Constitutional themes - for real presidential debates
NOW you see them, now you don't. Presidential candidates surface to ``announce'' at least three times. First they announce they're thinking seriously about a subject of enormous consequence to all Americans - their running for the White House. Then they announce they've finished thinking and either are or are not running. Then they declare ``officially,'' which has more to do with notifying the Federal Election Commission than electrifying the American public. This done, the candidates mostly disappear, to be sighted from time to time scurrying about Iowa and New Hampshire like ants. This introductory game began on the Democratic side with former Arizona Gov. Bruce Babbitt on March 10 and reached a pinnacle of sorts this week with front-runner Sen. Gary Hart's announcement. The entries will stretch ahead for months - Sen. Joseph Biden in June, Vice-President George Bush in September.
Are we really going to get the mileage we should from all this presidential talent?
This is the Constitution bicentennial year.
By comparison with the Founders' debates, much of what we're going to hear from this year's candidates will be trivial.
Why not give both focus and elevation to this year's pre-campaign effort, which otherwise will prattle on in the form of the overextended talk-show interview?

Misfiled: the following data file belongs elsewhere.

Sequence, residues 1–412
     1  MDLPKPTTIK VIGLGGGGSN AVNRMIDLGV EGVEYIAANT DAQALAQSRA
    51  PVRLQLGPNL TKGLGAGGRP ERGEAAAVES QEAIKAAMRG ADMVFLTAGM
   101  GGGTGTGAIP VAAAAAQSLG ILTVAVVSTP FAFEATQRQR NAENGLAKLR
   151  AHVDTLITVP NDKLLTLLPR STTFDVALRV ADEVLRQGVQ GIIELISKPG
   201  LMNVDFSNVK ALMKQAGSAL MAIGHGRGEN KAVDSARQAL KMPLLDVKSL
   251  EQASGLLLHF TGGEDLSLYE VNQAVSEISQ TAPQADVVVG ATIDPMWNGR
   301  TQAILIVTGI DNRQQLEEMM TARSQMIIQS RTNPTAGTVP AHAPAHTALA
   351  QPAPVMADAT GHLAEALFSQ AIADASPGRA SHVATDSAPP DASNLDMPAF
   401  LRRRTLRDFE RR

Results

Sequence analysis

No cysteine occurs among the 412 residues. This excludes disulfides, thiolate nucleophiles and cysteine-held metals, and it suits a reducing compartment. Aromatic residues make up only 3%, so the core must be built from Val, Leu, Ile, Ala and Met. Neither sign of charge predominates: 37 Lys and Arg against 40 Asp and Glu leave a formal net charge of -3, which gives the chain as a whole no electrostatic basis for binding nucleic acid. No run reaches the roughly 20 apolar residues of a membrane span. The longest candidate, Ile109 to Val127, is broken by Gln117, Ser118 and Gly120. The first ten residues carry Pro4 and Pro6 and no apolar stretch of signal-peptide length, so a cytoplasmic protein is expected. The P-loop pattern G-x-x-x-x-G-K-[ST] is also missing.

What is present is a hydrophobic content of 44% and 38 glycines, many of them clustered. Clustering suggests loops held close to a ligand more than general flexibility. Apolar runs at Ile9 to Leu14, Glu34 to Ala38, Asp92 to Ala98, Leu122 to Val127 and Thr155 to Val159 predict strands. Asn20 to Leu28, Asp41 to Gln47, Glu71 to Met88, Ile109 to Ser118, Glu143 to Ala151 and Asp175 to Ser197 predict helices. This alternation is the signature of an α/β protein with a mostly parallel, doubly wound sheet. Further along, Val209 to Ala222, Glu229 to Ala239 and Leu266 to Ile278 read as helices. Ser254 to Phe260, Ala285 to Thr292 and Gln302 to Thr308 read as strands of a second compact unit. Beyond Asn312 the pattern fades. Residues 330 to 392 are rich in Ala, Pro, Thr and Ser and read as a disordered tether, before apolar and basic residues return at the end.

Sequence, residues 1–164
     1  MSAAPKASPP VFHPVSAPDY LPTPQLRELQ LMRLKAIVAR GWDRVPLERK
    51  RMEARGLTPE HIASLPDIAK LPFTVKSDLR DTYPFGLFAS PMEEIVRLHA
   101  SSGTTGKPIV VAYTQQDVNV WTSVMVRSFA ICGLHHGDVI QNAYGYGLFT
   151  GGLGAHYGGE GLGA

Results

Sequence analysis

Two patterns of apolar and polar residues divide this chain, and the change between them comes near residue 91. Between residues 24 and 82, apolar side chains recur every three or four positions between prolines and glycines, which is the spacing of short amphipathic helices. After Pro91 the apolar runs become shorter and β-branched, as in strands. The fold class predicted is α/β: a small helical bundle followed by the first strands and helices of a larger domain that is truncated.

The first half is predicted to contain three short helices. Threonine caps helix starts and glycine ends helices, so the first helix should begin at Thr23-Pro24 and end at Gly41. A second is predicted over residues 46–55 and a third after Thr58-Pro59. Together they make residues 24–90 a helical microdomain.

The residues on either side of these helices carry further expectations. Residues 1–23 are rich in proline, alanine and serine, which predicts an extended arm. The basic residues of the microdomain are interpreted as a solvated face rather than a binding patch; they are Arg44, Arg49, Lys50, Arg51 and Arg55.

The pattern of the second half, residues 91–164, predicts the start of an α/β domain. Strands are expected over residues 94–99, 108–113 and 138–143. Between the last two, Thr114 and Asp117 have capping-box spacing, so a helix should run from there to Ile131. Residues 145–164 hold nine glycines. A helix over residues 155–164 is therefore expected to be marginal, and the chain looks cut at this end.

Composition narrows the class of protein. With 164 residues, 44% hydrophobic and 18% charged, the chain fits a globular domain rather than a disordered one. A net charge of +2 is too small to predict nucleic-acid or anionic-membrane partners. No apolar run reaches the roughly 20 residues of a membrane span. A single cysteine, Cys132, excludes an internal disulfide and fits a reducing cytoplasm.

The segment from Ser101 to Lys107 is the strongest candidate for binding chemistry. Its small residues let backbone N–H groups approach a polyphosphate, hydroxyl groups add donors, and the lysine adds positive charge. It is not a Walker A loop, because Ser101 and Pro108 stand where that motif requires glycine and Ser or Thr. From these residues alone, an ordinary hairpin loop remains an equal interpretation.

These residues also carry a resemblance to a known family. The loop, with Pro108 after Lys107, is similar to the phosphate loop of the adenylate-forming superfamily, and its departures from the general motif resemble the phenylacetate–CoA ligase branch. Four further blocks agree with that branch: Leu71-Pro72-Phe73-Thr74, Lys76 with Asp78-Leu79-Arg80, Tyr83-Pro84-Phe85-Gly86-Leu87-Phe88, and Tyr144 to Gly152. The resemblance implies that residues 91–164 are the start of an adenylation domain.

Presidential scholar Thomas E. Cronin contended in these columns yesterday that current public issues, from the Iran-contra affair to the nuclear freeze to balancing the budget, should be debated by citizens in the context of the Constitution. Terrific idea! And who better than the presidential candidates to lead off?
Is the contra war in Nicaragua constitutional? Is it seemly?
Who is responsible for balancing the federal budget?
A Cronin proposal: Should a Joint National Security Committee (of Congress) be formed, to consult with the president and major Cabinet members, especially when the US is weighing the use of armed force?
We've had enough of airport Tarmac and talk-show candidacies.
Why not make the candidates work intellectually, the way the founders did in writing the Constitution? Start the debates this autumn in Philadelphia's Constitution Hall - on national security, economic, social, and political issues. Then let the candidates take their arguments out on the campaign trail to grass-roots America.